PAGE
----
“I’m sorry,” my friend tells me. “That’s the one thing about this computer. It asks for a password that I don’t remember.” She sighs. “Okay. First try the basics. Welcome, user, admin. Stuff like that. If they don’t work, enter my initials, birthday, or house number. Fiddle with different combinations. Throw in some uppercase letters and the numeral 1. As in, Welcome1. cm2076ADMIN. Stuff like that.”
My computer is in the shop, where it could remain up to five days. My friend has lent me her old Mac.
Furiously, I’m writing this down.
“Yes,” my friend assures me. “It’s something like that.” Then, “If you run out of ideas, give me a call.”
“Okay,” I say. “But I’m sure I’ll figure it out.”
The interesting thing is, I believe this. I believe there is no permutation too complex or obscure to elude me. Not because I think myself clever — I prove otherwise as naturally as I breathe — but because I’m pathologically focused, batshit compulsive, and known for courting futility.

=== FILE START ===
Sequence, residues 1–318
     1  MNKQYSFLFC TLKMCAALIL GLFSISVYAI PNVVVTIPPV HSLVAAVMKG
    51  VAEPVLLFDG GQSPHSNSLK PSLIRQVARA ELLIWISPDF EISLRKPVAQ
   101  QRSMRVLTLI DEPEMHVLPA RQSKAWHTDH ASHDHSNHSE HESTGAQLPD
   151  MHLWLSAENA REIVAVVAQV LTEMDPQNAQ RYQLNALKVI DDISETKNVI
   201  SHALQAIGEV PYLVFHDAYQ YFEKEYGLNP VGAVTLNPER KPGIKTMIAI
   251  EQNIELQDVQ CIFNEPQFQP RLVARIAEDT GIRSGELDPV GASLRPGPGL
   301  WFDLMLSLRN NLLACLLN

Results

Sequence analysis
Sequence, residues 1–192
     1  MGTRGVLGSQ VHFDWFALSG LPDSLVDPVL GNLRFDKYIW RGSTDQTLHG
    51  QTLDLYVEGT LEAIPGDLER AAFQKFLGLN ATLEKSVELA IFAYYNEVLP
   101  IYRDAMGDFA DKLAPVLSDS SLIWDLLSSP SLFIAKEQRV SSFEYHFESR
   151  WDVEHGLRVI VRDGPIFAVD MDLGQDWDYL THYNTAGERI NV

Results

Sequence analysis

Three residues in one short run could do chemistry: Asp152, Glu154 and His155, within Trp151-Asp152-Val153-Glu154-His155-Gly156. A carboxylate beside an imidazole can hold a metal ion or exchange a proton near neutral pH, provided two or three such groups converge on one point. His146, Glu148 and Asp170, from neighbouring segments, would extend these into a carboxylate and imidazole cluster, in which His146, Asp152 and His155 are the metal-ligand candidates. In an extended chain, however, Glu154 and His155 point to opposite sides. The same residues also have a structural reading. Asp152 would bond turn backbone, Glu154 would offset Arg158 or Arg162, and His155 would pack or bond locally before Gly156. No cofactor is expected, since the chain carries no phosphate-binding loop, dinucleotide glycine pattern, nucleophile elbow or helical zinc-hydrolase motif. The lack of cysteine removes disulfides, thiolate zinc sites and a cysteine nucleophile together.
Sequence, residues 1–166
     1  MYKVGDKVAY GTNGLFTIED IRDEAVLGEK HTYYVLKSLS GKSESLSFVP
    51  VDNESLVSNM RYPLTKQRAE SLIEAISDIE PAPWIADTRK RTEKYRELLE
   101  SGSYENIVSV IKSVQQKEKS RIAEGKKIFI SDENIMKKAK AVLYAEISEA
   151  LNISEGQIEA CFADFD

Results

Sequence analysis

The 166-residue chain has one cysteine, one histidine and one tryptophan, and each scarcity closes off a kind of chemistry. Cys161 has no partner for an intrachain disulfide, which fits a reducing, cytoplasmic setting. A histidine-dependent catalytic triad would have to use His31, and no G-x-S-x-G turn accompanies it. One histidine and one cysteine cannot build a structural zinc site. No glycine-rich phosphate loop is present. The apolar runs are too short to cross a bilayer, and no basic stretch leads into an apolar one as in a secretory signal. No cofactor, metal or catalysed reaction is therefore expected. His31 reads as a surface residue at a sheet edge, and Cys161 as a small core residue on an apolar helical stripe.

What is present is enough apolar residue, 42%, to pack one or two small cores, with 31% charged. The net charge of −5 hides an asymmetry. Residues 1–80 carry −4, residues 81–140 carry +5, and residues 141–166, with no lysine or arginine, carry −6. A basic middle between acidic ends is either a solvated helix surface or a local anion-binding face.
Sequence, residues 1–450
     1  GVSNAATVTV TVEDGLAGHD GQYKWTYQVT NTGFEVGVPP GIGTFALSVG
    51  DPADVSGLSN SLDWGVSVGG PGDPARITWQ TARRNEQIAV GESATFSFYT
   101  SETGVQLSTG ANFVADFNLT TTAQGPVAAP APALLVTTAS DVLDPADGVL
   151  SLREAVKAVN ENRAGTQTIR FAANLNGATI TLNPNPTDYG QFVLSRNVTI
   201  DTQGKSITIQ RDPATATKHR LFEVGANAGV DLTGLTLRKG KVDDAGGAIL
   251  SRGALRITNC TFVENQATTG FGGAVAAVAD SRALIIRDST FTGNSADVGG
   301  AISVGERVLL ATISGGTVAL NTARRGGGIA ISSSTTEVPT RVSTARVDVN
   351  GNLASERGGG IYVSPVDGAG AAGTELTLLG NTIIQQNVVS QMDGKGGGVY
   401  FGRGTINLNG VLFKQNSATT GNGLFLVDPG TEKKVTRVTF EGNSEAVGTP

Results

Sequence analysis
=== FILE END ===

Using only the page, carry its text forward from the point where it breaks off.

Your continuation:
At this moment, my BlackBerry is my sole technological bridge to the world. There are messages I’m not receiving. Statistics to which I have no access. Facebook “likes” I’m not on top of. And, because I’m unable to write posts or stories, my texts are becoming verbose.
A rat in a cage with a single lever, that which dispenses the very basics of survival, I continue to press. And press.
Could it be M1076welcomeuser1?
I will figure this out.